Now although it’s been rightly noted that “all wars are bankers’ wars” (underscored by the preceding Orwellian maxim about the “moneyed classes”), few could argue that the “bankers” would’ve had great difficulty selling their wars on their own; a pliant, subservient, gung-ho media is by definition crucial at the outset in mobilising the populace at large and from there manufacturing the collective consent needed to do so.

Docherty and Macgregor’s follow-up tome—Prolonging the Agony: How International Bankers and their Political Partners Deliberately Extended World War 1, the title clearly underscoring what we’ve just observed—drives home the point. Which is to say, the war against Germany wasn’t just ‘sold’ to the world, with the establishment media at the time leading the charge and indispensible to this propaganda effort. The same media then played their own part in prolonging the war by ensuring the public did not lose their patriotic fervour.

Moreover, the British political establishment—incestuously intertwined with not just each other, but with the press of the era, academia, business and finance, and the broader Western intellectual diaspora as well—ensured that through their control over the higher learning and research institutions and the education bureaucracy, they gave enduring, inviolable substance to Winston Churchill’s infamous maxim, ‘history is written by the victors’. (Along with being one of official history’s most acclaimed authors—whose genre specialty we might now say was historical fiction—Churchill himself, of course, was a ‘Secret Elitist’.)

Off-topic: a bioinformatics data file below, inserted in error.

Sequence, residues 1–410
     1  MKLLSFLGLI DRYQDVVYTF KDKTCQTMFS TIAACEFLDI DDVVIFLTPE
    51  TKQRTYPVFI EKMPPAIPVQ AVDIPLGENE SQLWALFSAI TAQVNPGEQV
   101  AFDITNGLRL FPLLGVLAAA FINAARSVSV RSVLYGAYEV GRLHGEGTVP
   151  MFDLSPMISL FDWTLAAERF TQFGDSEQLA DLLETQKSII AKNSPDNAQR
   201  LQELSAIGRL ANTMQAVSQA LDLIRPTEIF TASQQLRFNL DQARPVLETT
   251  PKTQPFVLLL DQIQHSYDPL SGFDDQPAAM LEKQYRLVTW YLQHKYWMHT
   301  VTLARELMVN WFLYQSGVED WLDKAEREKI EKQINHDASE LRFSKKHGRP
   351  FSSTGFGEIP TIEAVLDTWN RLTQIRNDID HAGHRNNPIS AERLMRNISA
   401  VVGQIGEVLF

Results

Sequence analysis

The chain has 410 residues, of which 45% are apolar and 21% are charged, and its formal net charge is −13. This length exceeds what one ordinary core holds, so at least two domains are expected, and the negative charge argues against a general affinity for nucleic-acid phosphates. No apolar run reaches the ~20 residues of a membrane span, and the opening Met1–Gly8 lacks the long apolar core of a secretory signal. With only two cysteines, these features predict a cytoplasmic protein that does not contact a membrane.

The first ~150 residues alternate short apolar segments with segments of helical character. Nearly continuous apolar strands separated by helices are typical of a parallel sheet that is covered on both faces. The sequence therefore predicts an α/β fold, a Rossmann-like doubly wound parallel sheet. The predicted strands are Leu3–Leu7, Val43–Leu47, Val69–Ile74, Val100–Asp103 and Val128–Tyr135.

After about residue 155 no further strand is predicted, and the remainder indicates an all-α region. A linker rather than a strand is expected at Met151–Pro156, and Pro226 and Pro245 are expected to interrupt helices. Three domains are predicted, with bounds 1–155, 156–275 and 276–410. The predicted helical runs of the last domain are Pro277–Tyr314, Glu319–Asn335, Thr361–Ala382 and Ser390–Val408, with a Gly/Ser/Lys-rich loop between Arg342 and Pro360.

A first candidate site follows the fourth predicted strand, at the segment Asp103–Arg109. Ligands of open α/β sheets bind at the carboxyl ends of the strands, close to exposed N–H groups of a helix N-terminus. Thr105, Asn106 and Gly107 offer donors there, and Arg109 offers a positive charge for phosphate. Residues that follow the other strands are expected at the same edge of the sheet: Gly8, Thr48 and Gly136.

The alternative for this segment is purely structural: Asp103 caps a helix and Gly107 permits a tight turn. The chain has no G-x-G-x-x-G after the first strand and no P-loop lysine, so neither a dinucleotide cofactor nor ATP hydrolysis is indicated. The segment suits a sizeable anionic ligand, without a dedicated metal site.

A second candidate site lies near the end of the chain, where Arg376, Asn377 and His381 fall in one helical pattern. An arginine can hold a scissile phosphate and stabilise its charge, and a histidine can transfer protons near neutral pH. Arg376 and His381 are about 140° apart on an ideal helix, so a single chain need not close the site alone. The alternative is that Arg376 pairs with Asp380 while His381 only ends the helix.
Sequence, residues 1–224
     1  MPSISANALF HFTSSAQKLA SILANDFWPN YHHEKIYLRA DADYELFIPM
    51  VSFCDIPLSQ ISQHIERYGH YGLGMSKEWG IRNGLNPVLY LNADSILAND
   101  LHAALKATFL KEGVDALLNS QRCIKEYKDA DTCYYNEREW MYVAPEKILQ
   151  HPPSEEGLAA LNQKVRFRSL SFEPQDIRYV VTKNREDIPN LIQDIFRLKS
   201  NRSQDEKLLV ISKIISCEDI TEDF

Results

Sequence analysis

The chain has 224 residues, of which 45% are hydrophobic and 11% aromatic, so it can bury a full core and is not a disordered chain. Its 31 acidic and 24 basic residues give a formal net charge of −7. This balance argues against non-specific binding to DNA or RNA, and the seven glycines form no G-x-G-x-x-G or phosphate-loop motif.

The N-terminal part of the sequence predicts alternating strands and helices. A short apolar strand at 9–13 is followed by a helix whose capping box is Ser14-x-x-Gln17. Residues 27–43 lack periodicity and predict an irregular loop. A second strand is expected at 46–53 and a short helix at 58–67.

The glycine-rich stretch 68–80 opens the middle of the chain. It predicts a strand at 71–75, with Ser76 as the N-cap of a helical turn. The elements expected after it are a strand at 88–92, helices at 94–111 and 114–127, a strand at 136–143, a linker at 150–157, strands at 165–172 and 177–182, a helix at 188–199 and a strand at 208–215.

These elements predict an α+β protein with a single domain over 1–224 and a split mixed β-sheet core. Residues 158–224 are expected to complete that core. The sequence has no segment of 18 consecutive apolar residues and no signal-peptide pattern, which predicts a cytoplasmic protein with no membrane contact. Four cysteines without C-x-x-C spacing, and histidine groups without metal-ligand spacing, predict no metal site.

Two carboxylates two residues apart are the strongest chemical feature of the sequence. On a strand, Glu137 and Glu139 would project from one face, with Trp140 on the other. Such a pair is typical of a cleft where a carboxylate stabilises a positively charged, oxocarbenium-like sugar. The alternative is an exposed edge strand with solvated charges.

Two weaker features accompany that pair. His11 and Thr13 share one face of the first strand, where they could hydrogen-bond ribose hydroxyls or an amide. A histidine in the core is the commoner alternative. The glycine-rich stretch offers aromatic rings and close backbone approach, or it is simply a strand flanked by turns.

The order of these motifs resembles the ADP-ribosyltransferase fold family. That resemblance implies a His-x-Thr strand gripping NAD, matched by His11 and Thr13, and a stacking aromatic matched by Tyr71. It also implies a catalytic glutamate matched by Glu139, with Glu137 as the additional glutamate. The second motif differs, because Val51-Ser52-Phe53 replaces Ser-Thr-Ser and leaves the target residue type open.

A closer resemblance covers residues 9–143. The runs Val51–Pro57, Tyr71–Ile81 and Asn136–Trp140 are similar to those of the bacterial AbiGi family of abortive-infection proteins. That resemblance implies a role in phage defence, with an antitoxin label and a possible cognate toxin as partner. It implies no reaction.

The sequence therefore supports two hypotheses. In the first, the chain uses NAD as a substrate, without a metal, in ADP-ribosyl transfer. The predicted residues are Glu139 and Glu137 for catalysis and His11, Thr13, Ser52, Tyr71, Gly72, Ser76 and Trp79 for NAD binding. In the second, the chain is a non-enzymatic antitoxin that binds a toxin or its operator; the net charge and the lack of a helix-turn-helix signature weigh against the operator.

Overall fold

So effective was this propaganda exercise that the false narrative still stands today as the official version. It’s embraced by just about everyone from our politicians, our mainstream media, our academics, our military leaders, our veterans’ associations, and [to] our school curriculum writers and even those folks who end up teaching the fake history. Those rare folk who’d question this let alone decry it find themselves at best on the outside looking in. Herein, Docherty and Macgregor unambiguously lay out their stall: